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5 examples of event websites that sizzle

5 examples of event websites that sizzle

Draw design inspiration from these stunning event websites. Attract attendees to your next event with a dedicated website that has dates, attractions, and FAQs.

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Design
5 examples of event websites that sizzle

5 examples of event websites that sizzle

Draw design inspiration from these stunning event websites. Attract attendees to your next event with a dedicated website that has dates, attractions, and FAQs.

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Event websites show potential guests what they’re in for — and what they could be missing.

Event websites host the information guests need, like dates, times, and the address of the venue. Good websites don’t only deliver information — they set the mood and tone for an event through imagery, colors, and interface design. Hosts design these websites to generate excitement and build hype, and the best examples do just that.

5 of the best event websites for design inspiration

Below are five unique examples of websites that break down the basics of the event and boost anticipation for attending it. See what inspires you and how you can fuse it into your next design.

1. The Scotch

A screenshot of The Scotch’s header, featuring a red and yellow warm-toned photo of the golf course with gold, white, and black accents in the design elements.
Image source

Annual golf tournament and auction The Scotch promotes Save a Warrior, a nonprofit organization that helps veterans and first responders cope with trauma. Its homepage hosts last year’s highlights, current details and sponsors, a button to join the waitlist, and anything else inquiring minds seek.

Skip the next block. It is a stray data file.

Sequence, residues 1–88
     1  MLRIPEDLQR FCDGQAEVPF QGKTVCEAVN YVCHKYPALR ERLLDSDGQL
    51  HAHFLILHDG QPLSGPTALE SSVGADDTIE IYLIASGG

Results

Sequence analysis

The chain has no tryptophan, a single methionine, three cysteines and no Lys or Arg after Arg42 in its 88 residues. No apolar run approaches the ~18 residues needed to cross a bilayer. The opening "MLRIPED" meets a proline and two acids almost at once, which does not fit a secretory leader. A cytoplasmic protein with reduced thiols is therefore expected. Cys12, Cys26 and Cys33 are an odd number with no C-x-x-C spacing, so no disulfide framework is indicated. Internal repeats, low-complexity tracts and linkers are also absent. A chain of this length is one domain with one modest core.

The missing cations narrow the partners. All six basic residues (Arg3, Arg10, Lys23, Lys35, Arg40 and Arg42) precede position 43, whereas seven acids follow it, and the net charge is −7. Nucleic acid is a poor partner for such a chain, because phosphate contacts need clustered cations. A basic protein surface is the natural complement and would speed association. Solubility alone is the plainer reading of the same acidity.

Scrolling reveals boxes that explain the event’s what, why, when, and where above a calendar showing the two-day event schedule, complete with events, dates, and times. Below that, more information about Save a Warrior educates visitors and prompts donations from those interested.

The website’s structure centers the important information and complements it with impactful stories, stats, and pictures. The smooth user flow sells The Scotch.

2. Summer Dance

A screenshot of Summer Dance’s website header, with white text and a light blue, purple, and peach gradient background.
Image source

When in doubt, center the design around the event’s feeling. Summer Dance is a series of outdoor music events in Sydney, Australia. The event website’s beachy aesthetic invokes the energetic, cheerful atmosphere of Australia’s warm summers.

Illustrations of tropical leaves decorate the corners, and the gradient background mimics a sunset by transitioning from sky blue to peachy orange to recreate Summer Dance’s atmosphere.

Like The Scotch’s homepage, Summer Dance’s homepage has a smooth flow to organize information for attendees. It starts with an edge-to-edge navigation bar that encourages visitors to jump from section to section to discover event dates, tickets, artists, venue details, and more.

This event site shows visitors what to expect from the event — color and energy — to urge them to buy tickets and join the party.

3. Protothon 2021

A screenshot of Protothon 2021’s website, featuring stacked blocks spelling out the event’s name with a red, pink, and white color scheme
Image source

As a UX hackathon event, Protothon had to set the bar high with its design — and it did. This free event’s website offers a clean design with red, white, black, and pink details and playful iconography to match its branding. Hearts and cupid-like arrows nod to the event’s date: Valentine’s Day of 2021.